Precast concrete offers durable, flexible solutions for floors, walls and even roofs in every type of domestic construction from individual cottages to multi-storey apartments. Concrete’s high initial embodied energy can be offset by its extended life cycle (up to 100 years) and high potential for reuse and relocation.
Common production methods include tilt-up (poured on site) and precast (poured off site and transported to site). Each method has advantages and disadvantages and choice is determined by site access, availability of local precasting facilities, required finishes and design demands (see ‘Typical domestic construction’ below).
Photo: Silvester Fuller — DACA
Pre-cast panels are are craned into position.
Photo: Silvester Fuller — DACA
Pre-cast panels are erected on-site.
The advantages of precast concrete include:
- speed of construction
- reliable supply — made in purpose-built factories and not weather affected
- high level performance in thermal comfort, durability, acoustic separation, and resistance to fire and flood
- inherent strength and structural capacity able to meet engineering design standards for housing ranging from individual cottages to multi-storey apartments
- highly flexible in form, shape and available finishes
- ability to incorporate services such as electrical and plumbing in precast elements
- high structural efficiency, low wastage rates on site
- minimal waste, as most waste in the factory is recycled
- safer sites from less clutter
- ability to incorporate waste materials such as fly ash
- high thermal mass, providing energy cost saving benefits
- simply designed for deconstruction, reuse or recycling.
Precast concrete does have disadvantages:
- Each panel variation (especially openings, bracing inserts and lifting inserts) calls for complex, specialised engineering design.
- It is often more expensive than alternatives (can be offset by reduced construction times, earlier access by following trades, and simplified finishing and services installation).
- Building services (power, water and gas outlets; conduits and pipes) must be accurately cast in and are difficult to add or alter later. This requires detailed planning and layout at design stage when plumbing and electrical trades are not usually involved.
- Erection requires specialised equipment and trades.
- High level site access and manoeuvring room for large floats and cranes free of overhead cables and trees is essential.
- Panel connection and layout for lateral bracing requires detailed design.
- Temporary bracing requires floor and wall inserts that have to be repaired later.
- Detailed accurate design and pre-pour placement of building services, roof connections and tie-down are essential.
- Cast-in services are inaccessible and more difficult to upgrade.
- It has high embodied energy.
Photo: Silvester Fuller
Pre-pour wall showing reinforcing, opening frames and services.
An almost endless variety of shapes, colours, textures and finishes is available for precast concrete. It can be moulded and shaped to suit almost any design or form.
Simple surface treatments are:
- rebating and grooving
- surface coatings
- cement-based renders.
Other more complex treatments can also be used, such as:
- form liners
- oxide colouring
- applied finishes such as etching, grit-blasting, honing, polishing and exposed aggregate (off-site only where highly alkaline wash-down water and sediment can be recycled to avoid pollution of waterways).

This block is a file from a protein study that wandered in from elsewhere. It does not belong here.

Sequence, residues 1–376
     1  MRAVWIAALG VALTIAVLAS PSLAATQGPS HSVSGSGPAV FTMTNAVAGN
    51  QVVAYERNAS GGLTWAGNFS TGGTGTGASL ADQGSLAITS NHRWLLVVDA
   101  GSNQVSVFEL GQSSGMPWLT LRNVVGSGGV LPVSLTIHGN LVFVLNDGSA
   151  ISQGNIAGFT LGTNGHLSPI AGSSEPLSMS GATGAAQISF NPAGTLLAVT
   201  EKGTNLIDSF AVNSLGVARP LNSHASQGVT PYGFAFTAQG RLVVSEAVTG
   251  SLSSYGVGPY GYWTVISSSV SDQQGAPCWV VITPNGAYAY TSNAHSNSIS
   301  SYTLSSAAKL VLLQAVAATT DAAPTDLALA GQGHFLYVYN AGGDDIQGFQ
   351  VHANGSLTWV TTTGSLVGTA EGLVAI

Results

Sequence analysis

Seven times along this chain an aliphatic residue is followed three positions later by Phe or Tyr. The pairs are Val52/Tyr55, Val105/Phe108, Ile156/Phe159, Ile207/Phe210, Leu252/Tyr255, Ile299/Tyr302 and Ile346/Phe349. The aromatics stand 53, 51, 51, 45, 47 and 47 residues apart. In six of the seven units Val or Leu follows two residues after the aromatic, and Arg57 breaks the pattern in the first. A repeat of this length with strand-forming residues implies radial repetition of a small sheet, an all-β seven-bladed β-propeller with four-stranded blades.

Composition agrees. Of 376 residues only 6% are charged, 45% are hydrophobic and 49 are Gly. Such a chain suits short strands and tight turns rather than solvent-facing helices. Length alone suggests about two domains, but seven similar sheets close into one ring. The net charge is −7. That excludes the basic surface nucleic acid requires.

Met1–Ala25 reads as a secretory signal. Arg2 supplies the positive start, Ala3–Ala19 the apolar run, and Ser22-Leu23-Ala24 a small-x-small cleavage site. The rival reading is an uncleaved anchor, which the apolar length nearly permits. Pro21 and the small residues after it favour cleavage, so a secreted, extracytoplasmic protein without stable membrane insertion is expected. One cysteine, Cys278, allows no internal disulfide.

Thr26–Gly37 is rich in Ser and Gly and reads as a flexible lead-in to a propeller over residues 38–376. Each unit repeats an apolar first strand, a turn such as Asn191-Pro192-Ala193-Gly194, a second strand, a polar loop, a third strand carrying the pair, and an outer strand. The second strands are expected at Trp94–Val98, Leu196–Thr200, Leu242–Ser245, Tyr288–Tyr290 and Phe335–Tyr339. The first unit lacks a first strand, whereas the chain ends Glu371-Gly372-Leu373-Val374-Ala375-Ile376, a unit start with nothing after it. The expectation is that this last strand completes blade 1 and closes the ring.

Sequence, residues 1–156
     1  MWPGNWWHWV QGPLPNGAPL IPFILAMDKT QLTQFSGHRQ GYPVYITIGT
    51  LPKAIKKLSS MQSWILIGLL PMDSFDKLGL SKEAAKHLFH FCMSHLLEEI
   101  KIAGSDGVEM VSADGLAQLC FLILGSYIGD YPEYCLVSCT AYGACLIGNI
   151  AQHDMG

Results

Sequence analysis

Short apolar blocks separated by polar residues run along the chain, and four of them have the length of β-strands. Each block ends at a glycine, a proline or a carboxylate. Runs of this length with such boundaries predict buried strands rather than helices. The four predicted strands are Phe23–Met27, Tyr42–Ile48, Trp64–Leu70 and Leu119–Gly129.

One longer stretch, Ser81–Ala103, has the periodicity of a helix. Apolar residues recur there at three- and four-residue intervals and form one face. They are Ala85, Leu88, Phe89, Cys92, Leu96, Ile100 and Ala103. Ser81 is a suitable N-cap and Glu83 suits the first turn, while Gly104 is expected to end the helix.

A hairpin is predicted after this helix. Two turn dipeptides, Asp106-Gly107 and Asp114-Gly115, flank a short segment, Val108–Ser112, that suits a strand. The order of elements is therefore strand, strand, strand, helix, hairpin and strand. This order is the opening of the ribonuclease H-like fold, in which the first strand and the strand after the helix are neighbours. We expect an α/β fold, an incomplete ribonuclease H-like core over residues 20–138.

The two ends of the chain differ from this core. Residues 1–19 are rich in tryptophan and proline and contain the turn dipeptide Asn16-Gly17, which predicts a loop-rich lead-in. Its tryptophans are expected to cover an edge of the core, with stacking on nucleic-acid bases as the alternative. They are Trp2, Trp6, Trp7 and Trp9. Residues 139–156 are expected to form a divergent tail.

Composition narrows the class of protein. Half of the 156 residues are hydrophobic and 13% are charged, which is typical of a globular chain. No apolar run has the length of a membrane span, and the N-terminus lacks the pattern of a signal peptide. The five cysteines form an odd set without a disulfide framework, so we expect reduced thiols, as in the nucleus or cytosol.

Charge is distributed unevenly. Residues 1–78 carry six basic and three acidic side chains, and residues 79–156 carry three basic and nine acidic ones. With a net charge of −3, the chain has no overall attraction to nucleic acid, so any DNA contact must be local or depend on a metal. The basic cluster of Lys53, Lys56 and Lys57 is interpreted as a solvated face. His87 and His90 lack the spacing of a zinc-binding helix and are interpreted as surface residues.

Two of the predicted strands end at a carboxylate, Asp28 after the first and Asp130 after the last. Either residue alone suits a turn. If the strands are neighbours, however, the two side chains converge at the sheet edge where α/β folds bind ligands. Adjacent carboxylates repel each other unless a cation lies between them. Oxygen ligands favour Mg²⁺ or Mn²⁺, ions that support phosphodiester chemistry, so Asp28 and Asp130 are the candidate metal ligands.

Minor variations in finish between design intent or specification and the actual outcome are common. Assessment of samples and prototypes is highly advisable. Established, professional precast companies usually deliver quality assured finishes to the standard specified.
Complex or detailed methods and finishes require a high degree of quality control and are often best handled under the controlled conditions of an off-site precast factory.
Four types of aggregate: [top to bottom] exposed, polished, sandblasted, stained.
The detailing of joints, inserts, openings and fixings is critical. Typically, each precast panel is connected to the next or other building structure with metal components and anchors.
Joints between panels are usually filled with sealant to allow for expansion and contraction. Internal joints can be concealed behind abutting walls or, more usually, are set using typical plasterboard methods. Careful detailing is required to achieve a stable, watertight and visually pleasing result.
Australian Standard AS 3610-1995, Formwork for concrete, and its Supplement 1, Blowhole and colour evaluation charts, apply to off-form concrete practices and finishes.
Structural precast concrete panels are a strong, durable and versatile building material, particularly suited to Australia’s harsh climatic extremes and requiring minimal maintenance. They can be engineered to meet the structural needs of every type of domestic construction.
Concrete is flood and fire resistant and doesn’t shrink, rot or distort. It gains strength as it ages and in structural terms is ideally suited to the unpredictable conditions associated with climate change.
The inherent structural properties of precast walls mean that they do not require additional bracing to resist racking loads and that simple design of cross walls and junctions can provide adequate lateral bracing. Tie-down inserts to resist cyclonic winds are simple to design, install and connect.
Precast finishes are highly impact resistant, withstand wear and tear, and require minimal repairs and maintenance.
Precast delivers high standard internal finishes off the form (mould providing internally exposed thermal mass at a low cost without the need for insulation or other linings.
At 2060 kJ/m2Kelvin (K), dense concrete has the highest volumetric heat capacity of any commonly used housing material (e.g. brick 1360 kJ/m2K). (see Thermal mass)
High insulation levels are simply achieved.
Insulated, 220mm-thick, precast sandwich wall panels (70mm concrete externally, 50mm XPS foam, 100mm concrete internally) commonly used in residential construction achieve a total R-value of 2.42. This can easily be increased by selecting foam of 80mm or 100mm.